pock­ets, a quar­ter step be­hind or ahead of her. He was thin­ner, too. They spoke, but with­out much laugh­ter of turn­ing of heads. They held hands, but stiffly. Abruptly, Regina stopped shuf­fling, clasped the cards in one hand, and said, “Do you do spir­i­tual cleans­ing?” And I couldn’t con­tain my smile, my joy. With this one woman, I could fill my cab­i­nets, dress my daugh­ter, buy real crys­tals, bet­ter in­cense, can­dles, all those things that would make this place more at­trac­tive to more of her kind. “It’s a spe­cialty of mine,” I told her, and I looked her right in the eye, “but it costs.” “Will you come with me now?” “I’m sorry?” “I’m just on the cor­ner, like I say.” “It would be best if you brought him here.” She folded her arms and looked down at the ta­ble. “I’m not talk­ing about him. I’m talk­ing about her.” I tried not to frown. I said, “You’re telling me his woman lives with you?” “She stays in his room.” What a strange, fool­ish feath­er­head, I thought to my­self. She comes to me to toss out his woman, when all she need do is bran­dish a knife, spat­ter her face with hot grease, call the po­lice, swing a big stick. Of course Miriam’s fa­ther never had the spine to bring any of his bitches into our home, but if he had done so I would have scalded his face and shaved her hair and set her clothes on fire. And his. I would have burned that house down to ashes. But far be it from me to talk sense to a woman who could oc­tu­ple my in­come for two months, six months, what have you. I imag­ined the next card I’d pull would be the Fool. She leaned over, reached for her bag, and as she rose to place it on the card ta­ble, I smelled rot­ting fruit just be­neath the sweet oil she un­doubt­edly wore on her pulse points. It was a large bag, beaded with cowry shells, beau­ti­ful and, I’m sure, over­priced. When she plunged her hand into it, I ex­pected her to scoop out a hand­ful of black­ened ba­nana peels. In­stead, she re­moved a cowhide check­book. “I don’t take checks, my dear,” I said. She pinned me with her large, per­fectly adorned eyes. By de­grees, the whites of her eyes be­came pink and welled with tears. “If you knew what I was deal­ing with, you wouldn’t quib­ble over how I pay you. My checks don’t bounce.” I felt ter­ri­ble. Guilty. A thing I usu­ally don’t feel, do­ing what I do, par­tic­u­larly when it comes to her kind. Where rich peo­ple can of­ten make hon­est money, poor ones must steal, yes? But I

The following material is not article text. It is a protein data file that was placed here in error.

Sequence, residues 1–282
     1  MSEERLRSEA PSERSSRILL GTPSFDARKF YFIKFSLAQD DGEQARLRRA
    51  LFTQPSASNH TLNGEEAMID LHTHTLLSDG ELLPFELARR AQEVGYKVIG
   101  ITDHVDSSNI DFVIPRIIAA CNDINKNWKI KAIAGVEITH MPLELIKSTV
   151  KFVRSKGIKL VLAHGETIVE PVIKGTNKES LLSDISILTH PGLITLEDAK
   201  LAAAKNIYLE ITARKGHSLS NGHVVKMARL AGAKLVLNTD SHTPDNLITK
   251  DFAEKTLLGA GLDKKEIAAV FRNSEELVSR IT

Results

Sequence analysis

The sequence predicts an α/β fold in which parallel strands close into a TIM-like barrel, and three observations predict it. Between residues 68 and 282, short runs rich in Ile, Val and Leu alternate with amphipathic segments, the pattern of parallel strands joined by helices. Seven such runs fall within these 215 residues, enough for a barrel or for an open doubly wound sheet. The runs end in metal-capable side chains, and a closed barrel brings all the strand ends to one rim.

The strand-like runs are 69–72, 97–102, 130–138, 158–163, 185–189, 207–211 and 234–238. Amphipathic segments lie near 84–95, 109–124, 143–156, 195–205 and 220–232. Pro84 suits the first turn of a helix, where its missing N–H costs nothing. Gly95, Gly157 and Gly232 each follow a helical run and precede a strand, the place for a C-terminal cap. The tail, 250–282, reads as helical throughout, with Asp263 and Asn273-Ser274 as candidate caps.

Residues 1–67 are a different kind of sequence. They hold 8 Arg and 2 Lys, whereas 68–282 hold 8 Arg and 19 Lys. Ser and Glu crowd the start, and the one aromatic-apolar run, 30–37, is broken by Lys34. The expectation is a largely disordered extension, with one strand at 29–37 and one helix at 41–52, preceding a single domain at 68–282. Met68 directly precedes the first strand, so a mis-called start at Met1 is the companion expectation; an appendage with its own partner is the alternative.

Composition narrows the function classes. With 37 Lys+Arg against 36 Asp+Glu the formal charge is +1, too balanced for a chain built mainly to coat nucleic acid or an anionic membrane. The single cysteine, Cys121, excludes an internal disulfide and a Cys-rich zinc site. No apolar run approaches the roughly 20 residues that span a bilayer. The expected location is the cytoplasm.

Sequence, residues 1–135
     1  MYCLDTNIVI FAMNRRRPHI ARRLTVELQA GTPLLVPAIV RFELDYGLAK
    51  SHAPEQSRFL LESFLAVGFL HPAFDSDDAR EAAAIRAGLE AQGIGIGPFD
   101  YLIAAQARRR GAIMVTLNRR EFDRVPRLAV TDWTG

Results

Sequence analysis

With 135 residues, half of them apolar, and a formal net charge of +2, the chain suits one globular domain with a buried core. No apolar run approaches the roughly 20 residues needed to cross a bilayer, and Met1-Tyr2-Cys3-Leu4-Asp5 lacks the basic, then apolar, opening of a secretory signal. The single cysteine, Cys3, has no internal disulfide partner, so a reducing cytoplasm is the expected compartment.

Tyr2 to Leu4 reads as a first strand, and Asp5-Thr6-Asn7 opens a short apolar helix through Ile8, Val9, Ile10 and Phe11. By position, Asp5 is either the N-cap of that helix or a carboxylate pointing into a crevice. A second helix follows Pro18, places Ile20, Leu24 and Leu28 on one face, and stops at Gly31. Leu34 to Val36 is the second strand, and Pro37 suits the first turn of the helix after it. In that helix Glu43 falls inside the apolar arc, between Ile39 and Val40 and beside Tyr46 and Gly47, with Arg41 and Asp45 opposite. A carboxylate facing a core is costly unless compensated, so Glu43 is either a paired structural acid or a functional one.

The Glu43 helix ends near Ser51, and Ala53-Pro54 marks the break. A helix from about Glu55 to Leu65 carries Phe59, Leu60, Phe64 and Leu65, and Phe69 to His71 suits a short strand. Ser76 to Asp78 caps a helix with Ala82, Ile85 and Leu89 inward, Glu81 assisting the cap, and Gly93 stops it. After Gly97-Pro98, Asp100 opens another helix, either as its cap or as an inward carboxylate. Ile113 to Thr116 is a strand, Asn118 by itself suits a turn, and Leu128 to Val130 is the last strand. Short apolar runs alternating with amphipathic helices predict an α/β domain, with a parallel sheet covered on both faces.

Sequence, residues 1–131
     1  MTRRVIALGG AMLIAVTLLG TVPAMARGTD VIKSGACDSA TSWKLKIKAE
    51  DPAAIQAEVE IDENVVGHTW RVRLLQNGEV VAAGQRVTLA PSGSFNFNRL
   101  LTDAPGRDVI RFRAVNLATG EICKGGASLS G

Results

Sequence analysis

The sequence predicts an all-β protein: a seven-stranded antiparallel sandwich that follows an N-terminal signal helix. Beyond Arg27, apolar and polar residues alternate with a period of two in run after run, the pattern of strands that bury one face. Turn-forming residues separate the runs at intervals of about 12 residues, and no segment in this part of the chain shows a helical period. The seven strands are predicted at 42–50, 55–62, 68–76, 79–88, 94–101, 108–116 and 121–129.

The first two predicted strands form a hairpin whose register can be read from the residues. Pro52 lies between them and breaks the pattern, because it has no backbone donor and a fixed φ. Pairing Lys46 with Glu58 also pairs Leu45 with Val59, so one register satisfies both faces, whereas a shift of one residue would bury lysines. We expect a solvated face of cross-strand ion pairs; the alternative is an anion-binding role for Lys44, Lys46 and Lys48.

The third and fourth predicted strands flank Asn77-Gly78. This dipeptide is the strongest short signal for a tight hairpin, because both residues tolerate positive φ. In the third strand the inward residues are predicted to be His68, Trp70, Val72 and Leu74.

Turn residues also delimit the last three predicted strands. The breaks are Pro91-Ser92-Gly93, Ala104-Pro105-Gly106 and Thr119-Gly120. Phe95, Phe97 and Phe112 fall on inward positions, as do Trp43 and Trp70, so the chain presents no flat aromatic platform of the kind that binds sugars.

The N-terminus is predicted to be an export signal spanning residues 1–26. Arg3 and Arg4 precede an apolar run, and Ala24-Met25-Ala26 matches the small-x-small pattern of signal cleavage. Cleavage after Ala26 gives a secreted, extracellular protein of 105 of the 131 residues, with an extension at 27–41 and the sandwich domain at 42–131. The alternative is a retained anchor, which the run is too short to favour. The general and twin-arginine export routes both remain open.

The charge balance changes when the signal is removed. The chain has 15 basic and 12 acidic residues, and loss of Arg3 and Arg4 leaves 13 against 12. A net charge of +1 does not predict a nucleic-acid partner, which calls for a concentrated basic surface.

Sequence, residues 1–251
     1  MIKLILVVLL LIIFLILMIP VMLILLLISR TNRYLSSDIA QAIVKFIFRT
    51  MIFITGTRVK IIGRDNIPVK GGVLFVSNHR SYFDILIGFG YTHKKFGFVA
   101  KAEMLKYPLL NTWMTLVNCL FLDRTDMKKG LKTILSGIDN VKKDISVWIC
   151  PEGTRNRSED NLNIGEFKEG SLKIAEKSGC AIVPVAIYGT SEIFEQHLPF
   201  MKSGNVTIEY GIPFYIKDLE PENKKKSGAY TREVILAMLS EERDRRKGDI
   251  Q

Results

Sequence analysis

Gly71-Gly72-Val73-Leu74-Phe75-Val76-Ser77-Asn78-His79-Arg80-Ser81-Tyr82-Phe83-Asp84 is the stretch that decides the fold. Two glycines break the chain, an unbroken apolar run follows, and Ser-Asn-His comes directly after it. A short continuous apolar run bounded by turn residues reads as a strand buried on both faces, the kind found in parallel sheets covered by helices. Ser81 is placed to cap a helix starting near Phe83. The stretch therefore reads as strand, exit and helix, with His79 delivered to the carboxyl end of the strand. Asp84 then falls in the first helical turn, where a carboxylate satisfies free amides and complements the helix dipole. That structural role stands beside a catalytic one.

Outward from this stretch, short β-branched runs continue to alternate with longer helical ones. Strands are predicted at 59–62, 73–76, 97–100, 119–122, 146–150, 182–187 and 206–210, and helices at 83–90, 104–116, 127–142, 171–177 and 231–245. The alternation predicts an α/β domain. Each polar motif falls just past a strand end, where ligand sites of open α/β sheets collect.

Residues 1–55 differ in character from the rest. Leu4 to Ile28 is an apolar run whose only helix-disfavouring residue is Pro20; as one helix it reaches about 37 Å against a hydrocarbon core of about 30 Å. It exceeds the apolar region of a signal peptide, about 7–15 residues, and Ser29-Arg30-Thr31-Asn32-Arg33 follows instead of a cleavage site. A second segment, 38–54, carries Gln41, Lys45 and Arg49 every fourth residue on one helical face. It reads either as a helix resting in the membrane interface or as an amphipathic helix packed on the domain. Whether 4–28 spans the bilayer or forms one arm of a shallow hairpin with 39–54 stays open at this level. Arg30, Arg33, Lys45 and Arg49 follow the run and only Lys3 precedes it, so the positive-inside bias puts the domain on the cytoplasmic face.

de­cided, Okay, I must put seeds in the ground be­fore I could grow and har­vest. Bet­ter to be led by trust than guilt. But still, I felt for her, see? I’ve washed my own dress, so to speak, for a long time. Since Miriam was ten. I re­mem­ber feel­ing so an­gry and help­less and sick. All the time. I never be­lieved there’d be an end to it. But the funny thing is, in those five or six years, my heart was so open, and my soul so rich with pain, most of my read­ings came true. And I was spe­cific, on the freckle. I’d say, “I see you win­ning a thou­sand if you play any five-dol­lar ticket be­fore the week­end,” and they would win. “I tell you what, sweet­heart,” I said to Regina, “we will meet tomorrow, this time tomorrow, and you will pick me up and bring me to your house. Show me. If I think I can help, I will, and if I can, you will give me a check for three hun­dred dol­lars, which will be a down pay­ment for the cleans­ing, which will be one thou­sand, to­tal, if it works.” She winced, but only a lit­tle.

The first card I drew for her was the Lovers. It fright­ened me. So per­fect I wor­ried she would think the deck was marked. Too bad it didn’t fall in the re­versed po­si­tion be­cause I could have told her all was lost un­less we gave him po­tions to re­store his af­fec­tion. My po­tions are mostly mix­tures of herbal tea and a healthy markup. But in the up­right po­si­tion, all I could say was, “This is the ba­sis of the sit­u­a­tion. You must re­sist the temp­ta­tion to change. Hang onto this man no mat­ter what.” She snorted and shook her head, and this was to be ex­pected. I had seen his eyes, seen his bizarre tod­dler’s gait, his down­ward shoul­ders, his gray­ing tem­ples. But if I give the client hope, we eat bet­ter. It’s that sim­ple. As she shook her head, I could see that her ear­rings were more ex­pen­sive than any­thing I owned, more ex­pen­sive than the wed­ding band I used to wear. I said, “The Lovers are crossed with the Em­peror. It’s in the re­versed po­si­tion. You’re afraid he’s us­ing you, right?” She looked at me with her dead eyes, and said in her dead voice, “You know some­thing? You don’t need to tell me how to keep this ass­hole. I want you to help me get rid of him, okay?” “He is cheating on you, I know, but—” “I know I must seem crazy to you, a to­tal stranger, com­ing into your of­fice, or par­lor or what­ever you call it, and ask­ing you to kill her fi­ancé, and all that, but I’m an­gry, you see. Just pissed off. But I don’t know what to do. We’ve been to­gether four years and ev­ery­thing was fine— not per­fect, you know—we fought, but . . . . We move into this neigh­bor-